November 23, 2016 by Dymphna 4 Comments

Time to lock in rates… Really?


Has the rate cycle really bottomed? I’m not convinced.

There’s been a curious clamour of analysts and economists saying that now is a good time to lock in rates.

They reckon rates have bottomed and the only way is up:

There’s Shane Oliver at AMP:

“It’s likely we have seen the bottom of the interest rate cycle, or are very close to it… So there is a case to lock in fixed rate mortgages when their rates remain ultra low below 4 per cent.”

There’s CBA Chief Economist Michael Blythe:

“CBA has abandoned its long-held forecast of another RBA rate cut in the second quarter of 2017.

Chief economist Michael Blythe now sees rates on hold over 2017, whilst the market now sees more chance of rates being higher than lower by November 2017.”

Or Annette Beacher at TD Securities too:

Beacher is looking for above-trend economic growth of 3 per cent in 2016, followed by an even stronger 3.25 per cent next year.

But she admits that despite the solid growth outlook, a rate rise is still not a sure thing: “The RBA is neutral with a laundry list of uncertainties to monitor in 2017.  We see a 25 basis point hike in the fourth quarter of 2017, but many hurdles to jump before we get there.”


Wow, what a difference a few months (and one election!) makes. It wasn’t that long ago that it was rate cuts as far as the eye could see.

Personally, I think people are jumping at shadows. At lot of this interest rate talk comes from the apparent certainty that the US Fed is going to raise rates.

Markets are pricing in a 96% chance of a hike in December. That’s almost a done deal.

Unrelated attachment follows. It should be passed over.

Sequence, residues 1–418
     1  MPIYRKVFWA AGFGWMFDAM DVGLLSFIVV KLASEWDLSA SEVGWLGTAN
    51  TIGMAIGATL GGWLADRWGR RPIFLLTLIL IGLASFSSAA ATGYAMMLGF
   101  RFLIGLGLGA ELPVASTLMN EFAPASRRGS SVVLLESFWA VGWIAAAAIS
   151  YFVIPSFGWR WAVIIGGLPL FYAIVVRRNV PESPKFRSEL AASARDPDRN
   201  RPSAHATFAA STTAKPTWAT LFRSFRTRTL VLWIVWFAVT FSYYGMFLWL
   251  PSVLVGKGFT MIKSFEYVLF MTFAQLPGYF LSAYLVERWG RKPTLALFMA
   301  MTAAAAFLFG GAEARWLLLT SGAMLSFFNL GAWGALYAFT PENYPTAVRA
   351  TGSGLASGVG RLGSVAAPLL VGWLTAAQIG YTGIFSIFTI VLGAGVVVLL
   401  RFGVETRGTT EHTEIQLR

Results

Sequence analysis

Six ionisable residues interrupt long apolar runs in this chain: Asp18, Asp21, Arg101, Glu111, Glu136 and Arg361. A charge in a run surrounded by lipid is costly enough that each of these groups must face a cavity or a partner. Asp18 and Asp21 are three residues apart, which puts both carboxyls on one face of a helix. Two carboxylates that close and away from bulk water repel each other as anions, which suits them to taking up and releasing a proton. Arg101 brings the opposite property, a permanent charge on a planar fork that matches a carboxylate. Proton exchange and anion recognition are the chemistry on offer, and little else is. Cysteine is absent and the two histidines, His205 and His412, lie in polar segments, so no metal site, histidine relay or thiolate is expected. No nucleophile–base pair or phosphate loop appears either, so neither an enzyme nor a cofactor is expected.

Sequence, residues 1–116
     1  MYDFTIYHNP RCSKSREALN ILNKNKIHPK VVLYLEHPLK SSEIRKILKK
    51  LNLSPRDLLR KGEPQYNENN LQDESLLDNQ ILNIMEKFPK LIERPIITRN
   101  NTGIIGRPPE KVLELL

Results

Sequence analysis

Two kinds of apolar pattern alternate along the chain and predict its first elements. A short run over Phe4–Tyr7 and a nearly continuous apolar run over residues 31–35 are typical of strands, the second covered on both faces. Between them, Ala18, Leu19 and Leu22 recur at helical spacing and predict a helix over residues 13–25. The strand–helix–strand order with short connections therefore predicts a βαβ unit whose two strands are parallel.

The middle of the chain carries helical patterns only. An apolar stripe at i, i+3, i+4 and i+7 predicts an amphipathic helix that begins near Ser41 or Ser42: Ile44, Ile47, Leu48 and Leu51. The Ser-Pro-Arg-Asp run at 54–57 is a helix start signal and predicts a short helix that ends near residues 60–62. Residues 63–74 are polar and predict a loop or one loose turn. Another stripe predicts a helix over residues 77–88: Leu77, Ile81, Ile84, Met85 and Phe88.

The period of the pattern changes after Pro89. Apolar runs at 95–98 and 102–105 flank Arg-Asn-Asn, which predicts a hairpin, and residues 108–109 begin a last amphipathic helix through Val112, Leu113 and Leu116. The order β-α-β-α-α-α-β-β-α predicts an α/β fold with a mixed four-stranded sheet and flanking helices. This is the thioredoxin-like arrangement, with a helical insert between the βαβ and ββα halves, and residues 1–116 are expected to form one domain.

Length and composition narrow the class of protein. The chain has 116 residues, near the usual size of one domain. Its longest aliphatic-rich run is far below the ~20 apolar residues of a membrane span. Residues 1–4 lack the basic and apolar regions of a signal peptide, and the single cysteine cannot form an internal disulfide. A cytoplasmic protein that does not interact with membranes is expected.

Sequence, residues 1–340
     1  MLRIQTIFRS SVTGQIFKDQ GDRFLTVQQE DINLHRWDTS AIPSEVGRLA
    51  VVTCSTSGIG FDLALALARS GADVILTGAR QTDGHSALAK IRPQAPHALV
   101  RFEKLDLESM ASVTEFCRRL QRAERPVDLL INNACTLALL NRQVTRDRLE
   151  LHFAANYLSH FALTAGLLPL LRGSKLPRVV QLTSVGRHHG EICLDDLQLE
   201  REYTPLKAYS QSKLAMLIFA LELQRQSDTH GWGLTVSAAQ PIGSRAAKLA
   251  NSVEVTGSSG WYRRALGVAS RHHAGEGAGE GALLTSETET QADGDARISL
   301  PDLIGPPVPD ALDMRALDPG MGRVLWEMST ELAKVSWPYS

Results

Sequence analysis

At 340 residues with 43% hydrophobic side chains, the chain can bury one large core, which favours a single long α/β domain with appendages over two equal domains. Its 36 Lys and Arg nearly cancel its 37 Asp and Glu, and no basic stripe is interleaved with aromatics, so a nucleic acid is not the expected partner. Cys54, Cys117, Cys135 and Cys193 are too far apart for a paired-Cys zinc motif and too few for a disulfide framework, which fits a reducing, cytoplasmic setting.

But the Fed has disappointed markets before, and wouldn’t be afraid to do it again if it had to. There’s also a question of how far the Fed actually raises rates. My guess is they’ll throw markets a bone with something tiny. The last word from Chair Janet Yellen was that risks were “roughly balanced” and that the economy was only strong enough for “gradual increases”.

What’s more, a lot of this speculation comes from speculation about what President Trump is going to do.

On the face of it, his policy prescriptions seem pretty inflationary and stimulatory. They’ll be a strong shot in the arm for the US economy….

… if they happen.

Trump said a lot of things during his campaign. No one believed he was going to deliver on everything he promised or implied. I doubt he believed it all himself.

So until we see what Trump actually has in mind, all we have is speculation built on speculation.

That’s not a good basis for important financial decisions.

The truth is we have two competing influences on interest rates.

The first is the local economy, which is doing ok, but not really going gang-busters. Employment outcomes certainly haven’t been spectacular.

So the RBA would still like to lower rates I think. The only thing that might change that is if the US dollar keeps storming ahead, and the Aussie dollar starts to fall toward the mid-60s range – then they might be happy to sit on their hands.

But I certainly don’t get the sense that the RBA is poised to raise rates soon.

But right now this downward bias in official rates is being balanced out by an upward tilt in actual mortgage rates.

The international cost of capital jumped after Trump’s election (because the markets are nervous). That feeds through into Aussie banks cost of capital and therefore mortgage rates.

Last week, FirstMac – the biggest non-bank lender – and nine other institutions hiked fixed rate mortgage rates by up to 45 basis points.

So this trend is evident… for the moment.

I mean, again, this is based on speculation about what Trump may or may not do. Time will tell. I’m not going to make too much of it just yet.

So for my money, the downward bias in interest rates is still in effect. We might see some of that bias swallowed up by out-of-cycle rate hikes as banks try to cover their cost of capital, but not all of it.

So I don’t think this is the bottom of the rate cycle just yet.

Let’s keep an eye on Trump and see what unfolds.

What do you think? Time to lock in rates?